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Using the Tao to understand happiness

By Robert McGowan
Columnist

A few days ago I watched a television program called “What Is Happiness.”

Robert McGowan

Robert McGowan

I wish they would have answered the question for me. However, not unexpectedly, they didn’t or couldn’t.

The program, a hodgepodge of inconsistencies and expanded trivialities, did motivate me to look again into a couple of books that are relevant to the television subject.

One of the books is “Change Your Thoughts — Change Your Life: Living the Wisdom of the Tao.” The book was written in 2007 by Dr. Wayne W. Dyer.

The other book, “365 Tao Daily Meditations,” was written in 1992 by Ming-Dao Deng.

We of course know there are many other books that explain happiness to us and detail how to achieve it.

Just imagine, 500 years before the birth of Jesus a man in ancient China dictated 81 verses, now called Tao Te Ching, or the Great Way. These verses offer advice and guidance, concerned with working for the good.

Dyer, in his book, devotes short comments to each of these 81 verses. Both books are interesting and superior to the mentioned television programs on happiness.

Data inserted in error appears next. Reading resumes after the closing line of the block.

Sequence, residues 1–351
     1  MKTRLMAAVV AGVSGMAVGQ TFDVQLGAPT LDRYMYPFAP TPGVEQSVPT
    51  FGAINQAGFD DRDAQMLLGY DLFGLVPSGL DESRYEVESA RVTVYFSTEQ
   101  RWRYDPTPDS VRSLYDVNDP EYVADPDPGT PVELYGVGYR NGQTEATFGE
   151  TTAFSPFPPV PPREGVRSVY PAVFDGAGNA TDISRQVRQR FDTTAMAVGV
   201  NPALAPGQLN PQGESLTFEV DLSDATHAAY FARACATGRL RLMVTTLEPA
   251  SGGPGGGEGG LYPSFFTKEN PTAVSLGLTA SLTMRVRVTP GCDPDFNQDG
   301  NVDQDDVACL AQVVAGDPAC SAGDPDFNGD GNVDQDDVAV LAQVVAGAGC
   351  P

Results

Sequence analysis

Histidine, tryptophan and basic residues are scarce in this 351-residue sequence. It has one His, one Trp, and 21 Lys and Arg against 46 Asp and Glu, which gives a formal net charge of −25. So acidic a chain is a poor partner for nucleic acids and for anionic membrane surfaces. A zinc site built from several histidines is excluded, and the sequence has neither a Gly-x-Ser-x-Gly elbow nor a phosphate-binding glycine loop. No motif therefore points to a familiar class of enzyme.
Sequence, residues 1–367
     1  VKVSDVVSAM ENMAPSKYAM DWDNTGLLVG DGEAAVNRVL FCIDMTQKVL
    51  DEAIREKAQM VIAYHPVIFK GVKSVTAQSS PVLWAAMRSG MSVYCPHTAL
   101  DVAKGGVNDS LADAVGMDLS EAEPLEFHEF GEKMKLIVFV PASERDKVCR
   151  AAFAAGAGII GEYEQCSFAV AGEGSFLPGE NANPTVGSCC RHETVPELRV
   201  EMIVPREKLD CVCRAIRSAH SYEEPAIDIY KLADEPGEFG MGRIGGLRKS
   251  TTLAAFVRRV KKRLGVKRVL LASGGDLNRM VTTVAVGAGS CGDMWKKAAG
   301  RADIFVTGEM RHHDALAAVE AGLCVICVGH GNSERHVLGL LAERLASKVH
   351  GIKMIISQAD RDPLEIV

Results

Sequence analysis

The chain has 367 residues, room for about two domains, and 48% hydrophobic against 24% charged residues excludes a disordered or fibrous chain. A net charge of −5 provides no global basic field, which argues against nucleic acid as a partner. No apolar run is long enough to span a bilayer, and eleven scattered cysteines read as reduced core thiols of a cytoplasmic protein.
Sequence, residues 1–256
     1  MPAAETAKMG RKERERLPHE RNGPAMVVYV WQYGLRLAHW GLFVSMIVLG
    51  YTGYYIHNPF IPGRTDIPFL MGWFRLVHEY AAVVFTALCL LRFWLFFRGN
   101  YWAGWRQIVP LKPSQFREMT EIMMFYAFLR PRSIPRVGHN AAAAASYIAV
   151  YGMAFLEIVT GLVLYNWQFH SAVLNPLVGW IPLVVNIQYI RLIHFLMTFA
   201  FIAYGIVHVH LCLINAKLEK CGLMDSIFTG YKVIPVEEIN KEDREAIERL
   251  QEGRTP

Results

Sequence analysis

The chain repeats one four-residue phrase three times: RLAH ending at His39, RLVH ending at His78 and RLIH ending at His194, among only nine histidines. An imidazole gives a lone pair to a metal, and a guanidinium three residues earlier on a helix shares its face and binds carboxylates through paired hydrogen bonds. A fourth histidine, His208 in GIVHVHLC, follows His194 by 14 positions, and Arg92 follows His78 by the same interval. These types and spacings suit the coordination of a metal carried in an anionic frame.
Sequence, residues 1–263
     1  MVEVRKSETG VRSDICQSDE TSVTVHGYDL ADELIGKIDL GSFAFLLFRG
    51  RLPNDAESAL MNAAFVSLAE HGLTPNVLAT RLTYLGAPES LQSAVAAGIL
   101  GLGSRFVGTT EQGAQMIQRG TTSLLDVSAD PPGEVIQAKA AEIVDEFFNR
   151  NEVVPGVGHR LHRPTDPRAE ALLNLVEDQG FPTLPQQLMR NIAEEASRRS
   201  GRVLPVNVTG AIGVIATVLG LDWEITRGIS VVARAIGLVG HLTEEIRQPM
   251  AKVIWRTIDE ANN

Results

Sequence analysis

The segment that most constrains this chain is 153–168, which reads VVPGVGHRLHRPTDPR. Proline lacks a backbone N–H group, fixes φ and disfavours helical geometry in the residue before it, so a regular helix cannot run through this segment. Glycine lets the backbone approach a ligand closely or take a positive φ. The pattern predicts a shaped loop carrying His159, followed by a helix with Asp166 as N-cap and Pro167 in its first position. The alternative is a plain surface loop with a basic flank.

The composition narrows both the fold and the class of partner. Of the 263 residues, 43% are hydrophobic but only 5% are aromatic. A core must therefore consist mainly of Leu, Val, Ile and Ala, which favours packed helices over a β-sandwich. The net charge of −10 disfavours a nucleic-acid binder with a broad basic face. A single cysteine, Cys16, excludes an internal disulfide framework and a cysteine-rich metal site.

Now, here are a few comments from these two books on the Tao. There are, of course, many other books on the Tao of things.

“In dwelling, be close to the land. In meditation, go deep in the heart. In dealing with others, be gentle and kind. Stand by your word. Govern with equity. Be timely in choosing the right moment. One who lives in accordance with nature does not go against the way of things. He moves in harmony with the present moment, always knowing of just what to do.”

I usually don’t quote long passages, but I think that you understand that, being an ecologist, I would consider these words of the Tao to be beautiful. And they were written 500 years before the birth of Jesus.

The television program I mentioned in the first paragraph could have been quoted from the Tao and saved a lot of energy, time and money.

And, of course, it would be natural for a former ecology professor to quote these words. Don’t you agree?

Dyer closes his book with these words:

“As you close this book, it is my wish that you, too, will be able to apply this great wisdom of the Tao so that you can, even in the most difficult of times, change your thoughts and enjoy changing your life as well.

I may not be a Tao master, but I am a man of the Tao. However, these words of the Tao Te Ching came to be written and to endure for over 25 centuries. I’m honored to have been called to help clarify them for you. I am at peace. Thank you Lao-tzu.”

Robert McGowan is a Bartlett resident and former professor of biology at The University of Memphis.

Editor’s note: To sample the Tao, click here see multiple English translations online.

 

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